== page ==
If you are a part of the LGBTQ+ community and like comic books, we have good news: DC Comics is getting ready to introduce the first non-binary version of the Flash.
The alternate-universe version of Teen Titans, in “DC’s Merry Multiverse,” will appear on stores on Dec. 9 as part of a holiday-themed comic book analogy.
“In DC Future State, the Multiverse has been saved from the brink of destruction, but the triumph of DC’s heroes has shaken loose the very fabric of time and space,” the publisher said in a release this year.
The characters are the updated incarnations of existing icons in the DC world, and will be introduced in an eight-page story by Ivan Cohen and Elenora Carlini. One of them is none other than Kid Quick: A non-binary person of color who possesses the same powers as the Flash, and goes by them/they. Aka Jess Chambers, the speedster will also get a major promotion and step into the shoes of the Flash during the upcoming “Future Slate.”
"Not every superhero has to be male or female, or white, just because DC characters created in the golden and silver ages of comics pretty much all were," said Cohen. "I suggested that Kid Quick could be Earth-11's first gender fluid character, and once editors saw Eleonora Carlini's terrific take on the character design, there was suddenly a lot of interest in them for stories beyond the Merry Multiverse Special in December."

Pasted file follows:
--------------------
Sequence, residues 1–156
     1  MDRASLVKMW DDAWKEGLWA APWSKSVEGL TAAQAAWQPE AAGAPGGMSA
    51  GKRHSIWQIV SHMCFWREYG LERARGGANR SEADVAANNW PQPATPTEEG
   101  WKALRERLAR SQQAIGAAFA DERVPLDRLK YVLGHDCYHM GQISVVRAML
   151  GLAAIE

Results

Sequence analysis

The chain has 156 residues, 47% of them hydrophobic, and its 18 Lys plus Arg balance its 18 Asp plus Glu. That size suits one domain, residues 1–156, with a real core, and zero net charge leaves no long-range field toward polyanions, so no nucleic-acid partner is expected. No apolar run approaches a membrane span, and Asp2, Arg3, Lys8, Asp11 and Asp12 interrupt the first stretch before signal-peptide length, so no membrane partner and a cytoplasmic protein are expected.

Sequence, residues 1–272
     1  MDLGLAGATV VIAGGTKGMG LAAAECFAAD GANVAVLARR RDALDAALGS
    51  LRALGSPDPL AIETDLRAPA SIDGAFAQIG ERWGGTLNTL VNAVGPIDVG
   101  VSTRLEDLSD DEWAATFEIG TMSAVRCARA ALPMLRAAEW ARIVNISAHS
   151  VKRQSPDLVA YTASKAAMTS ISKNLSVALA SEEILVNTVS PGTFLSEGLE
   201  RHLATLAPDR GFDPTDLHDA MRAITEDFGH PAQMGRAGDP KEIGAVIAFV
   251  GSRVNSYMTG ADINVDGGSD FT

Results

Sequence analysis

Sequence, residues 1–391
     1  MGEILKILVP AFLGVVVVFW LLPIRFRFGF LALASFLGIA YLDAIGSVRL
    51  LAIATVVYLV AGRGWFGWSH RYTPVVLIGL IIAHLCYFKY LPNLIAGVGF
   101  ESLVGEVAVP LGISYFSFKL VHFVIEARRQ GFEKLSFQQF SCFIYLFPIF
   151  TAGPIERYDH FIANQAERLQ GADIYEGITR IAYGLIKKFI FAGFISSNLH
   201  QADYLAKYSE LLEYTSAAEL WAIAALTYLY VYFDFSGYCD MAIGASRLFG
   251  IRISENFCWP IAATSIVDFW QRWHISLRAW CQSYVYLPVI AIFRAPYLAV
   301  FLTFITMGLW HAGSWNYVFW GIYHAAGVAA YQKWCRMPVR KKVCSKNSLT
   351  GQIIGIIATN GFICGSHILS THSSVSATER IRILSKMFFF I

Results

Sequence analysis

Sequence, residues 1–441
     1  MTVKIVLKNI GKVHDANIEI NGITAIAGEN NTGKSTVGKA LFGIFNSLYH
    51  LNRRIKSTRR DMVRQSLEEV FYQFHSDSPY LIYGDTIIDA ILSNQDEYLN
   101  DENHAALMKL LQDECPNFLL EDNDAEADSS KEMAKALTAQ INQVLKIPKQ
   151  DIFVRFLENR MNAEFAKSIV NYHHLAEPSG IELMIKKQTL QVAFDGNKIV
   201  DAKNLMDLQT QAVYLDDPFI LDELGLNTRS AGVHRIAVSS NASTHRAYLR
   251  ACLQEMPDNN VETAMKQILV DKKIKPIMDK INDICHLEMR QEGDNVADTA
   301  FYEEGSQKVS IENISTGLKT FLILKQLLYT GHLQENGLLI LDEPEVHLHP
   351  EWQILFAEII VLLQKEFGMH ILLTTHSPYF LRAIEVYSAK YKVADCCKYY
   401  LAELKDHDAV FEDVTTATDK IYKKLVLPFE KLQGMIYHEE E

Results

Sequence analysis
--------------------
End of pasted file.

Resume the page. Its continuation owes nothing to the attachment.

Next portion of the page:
DC has a long history of reimagining characters when making alternate universes, so the idea for a character that defied the binary felt very natural when it occurred to Cohen.
“In the DC superhero universe we’ve got a superfast character, Kid Flash. And I thought about how ‘Kid’ can really be any gender,” Cohen told NBC News. “There are all these choices we can make — why don’t we do something besides what we would have made up if it was 1965?”
The fact that the story is set on an alternate earth also gave the writers the creative freedom to reimagine characters as they wanted.
“Earth 11 is such a blank page that making it more diverse didn’t require a lot of shoehorning. No one is going to run to their back issues and complain we contradicted something,” Cohen said. “If someone has a problem that a Flash from an alternative universe is non-binary, there’s a lot of other comics they can read.”
But Kid Quick is not the only superhero of its kind. It is actually one of many growing non-binary characters in comic books. The Aerie appeared in DC’s “Suicide Squad” as a non-binary anti-hero, and in the same year, non-binary Double Trouble appeared on the “She-Ra and the Princesses of Power” animated series.
The movement towards a more diverse comic book universe was praised by LGBTQ advocacy groups.
The spokesperson for GLAAD, Spencer Harvey, praised creators such as Cohen for “Helping to reach new audiences that may not be normally exposed to these identities, which has a profound impact on accelerating acceptance and understanding.”
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